Here is another book I rescued from a stack of donations to the SPU Library that were on their way to be discarded or destroyed (and before anyone protests, this is usually done only because one or more copies of the donated book are already held in SPU's general collection). I grabbed this slim volume from the stack because it was free, because the title intrigued me and because I recognized the author, Elton Trueblood, as a well-known 20th century Quaker theologian.

Although I enjoyed the book,
Mar 19, 2010 rated it liked it
Shelves: faith
It took me a while to get through this book because it's very scholarly, but I'm glad I read it. It's an analysis of Jesus' wit and humor in the Gospels. Like the author, I feel that this side of His personality (for lack of a better word) is seriously under-studied. The prevailing attitude is that every word Jesus said was completely serious and intense, and that just isn't the case! It's encouraging to be reminded that He laughed too. ...more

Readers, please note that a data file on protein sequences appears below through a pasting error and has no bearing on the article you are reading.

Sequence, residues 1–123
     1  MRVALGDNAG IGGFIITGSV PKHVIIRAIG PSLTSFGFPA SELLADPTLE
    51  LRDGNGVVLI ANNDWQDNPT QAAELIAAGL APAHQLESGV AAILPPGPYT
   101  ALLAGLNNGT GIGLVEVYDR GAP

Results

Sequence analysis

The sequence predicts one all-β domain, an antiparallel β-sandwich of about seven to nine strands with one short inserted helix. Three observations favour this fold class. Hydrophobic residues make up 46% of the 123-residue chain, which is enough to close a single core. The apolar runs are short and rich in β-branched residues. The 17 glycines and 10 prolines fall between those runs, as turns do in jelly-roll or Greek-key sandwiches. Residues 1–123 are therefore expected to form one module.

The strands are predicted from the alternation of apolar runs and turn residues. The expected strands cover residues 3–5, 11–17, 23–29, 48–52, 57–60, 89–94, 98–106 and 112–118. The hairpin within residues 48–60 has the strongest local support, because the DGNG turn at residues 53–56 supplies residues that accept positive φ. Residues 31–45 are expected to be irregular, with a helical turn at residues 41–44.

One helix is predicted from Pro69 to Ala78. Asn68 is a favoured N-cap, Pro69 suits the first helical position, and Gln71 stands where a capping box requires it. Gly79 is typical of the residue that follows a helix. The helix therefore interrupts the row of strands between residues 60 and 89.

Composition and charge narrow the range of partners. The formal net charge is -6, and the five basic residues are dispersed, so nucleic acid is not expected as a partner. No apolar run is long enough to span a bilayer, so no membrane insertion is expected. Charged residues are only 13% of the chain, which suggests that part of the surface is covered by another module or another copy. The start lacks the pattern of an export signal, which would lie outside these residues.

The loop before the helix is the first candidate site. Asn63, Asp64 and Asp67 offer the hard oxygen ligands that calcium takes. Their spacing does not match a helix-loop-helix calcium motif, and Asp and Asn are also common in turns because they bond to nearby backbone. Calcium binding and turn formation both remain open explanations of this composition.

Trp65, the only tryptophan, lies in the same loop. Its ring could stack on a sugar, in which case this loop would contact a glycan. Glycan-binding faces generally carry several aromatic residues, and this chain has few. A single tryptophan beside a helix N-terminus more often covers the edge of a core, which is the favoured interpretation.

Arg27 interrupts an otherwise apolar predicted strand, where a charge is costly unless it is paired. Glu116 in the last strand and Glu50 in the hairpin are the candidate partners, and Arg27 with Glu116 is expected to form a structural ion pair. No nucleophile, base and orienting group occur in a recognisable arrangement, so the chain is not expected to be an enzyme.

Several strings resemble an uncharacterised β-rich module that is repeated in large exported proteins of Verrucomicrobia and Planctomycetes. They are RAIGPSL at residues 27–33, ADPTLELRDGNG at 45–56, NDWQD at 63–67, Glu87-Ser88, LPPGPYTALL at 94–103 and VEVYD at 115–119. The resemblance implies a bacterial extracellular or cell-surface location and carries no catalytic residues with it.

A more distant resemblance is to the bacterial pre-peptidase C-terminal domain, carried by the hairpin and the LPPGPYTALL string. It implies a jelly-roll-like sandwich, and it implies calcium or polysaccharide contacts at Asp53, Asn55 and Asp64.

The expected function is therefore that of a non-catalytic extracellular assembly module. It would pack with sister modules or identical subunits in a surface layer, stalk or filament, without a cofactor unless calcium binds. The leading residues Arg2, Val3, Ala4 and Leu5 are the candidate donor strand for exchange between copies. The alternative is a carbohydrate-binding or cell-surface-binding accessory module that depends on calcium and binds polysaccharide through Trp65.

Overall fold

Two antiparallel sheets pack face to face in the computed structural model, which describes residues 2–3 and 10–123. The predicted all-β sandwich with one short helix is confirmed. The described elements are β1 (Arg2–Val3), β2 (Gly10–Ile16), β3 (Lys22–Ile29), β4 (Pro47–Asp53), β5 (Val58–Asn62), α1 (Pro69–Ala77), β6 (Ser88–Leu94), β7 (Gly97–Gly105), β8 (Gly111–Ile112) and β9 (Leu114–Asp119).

Jason Blean
Feb 01, 2019 rated it really liked it
This book was hard work at first. The style of writing appears, ironically, rather dry and academic for a book of this title, and uses language from the early 60s which today appears archaic. But if you can get past that, it is well worth persevering, as Trueblood shows real insight, vigorous scholarship and asks many pertinent and appropriate questions on some of the most difficult passages about Christ found in the Gospels. His line of enquiry yields rather abundant fruit, in terms of throwing ...more
Brandon H.
Although this is a fairly short book, it wasn't the easiest read. But like other reviewers have stated, I'm glad I finished it. The author sought to show Christ's humor which is often lost in Christendom these days. Overall, I think the author succeeded in his objective. There were a couple of places where I thought the author read humor into stories and the words of Christ where it wasn't present but at the same time, he did open my eyes to see Christ's humor in places I had missed. Jesus did u ...more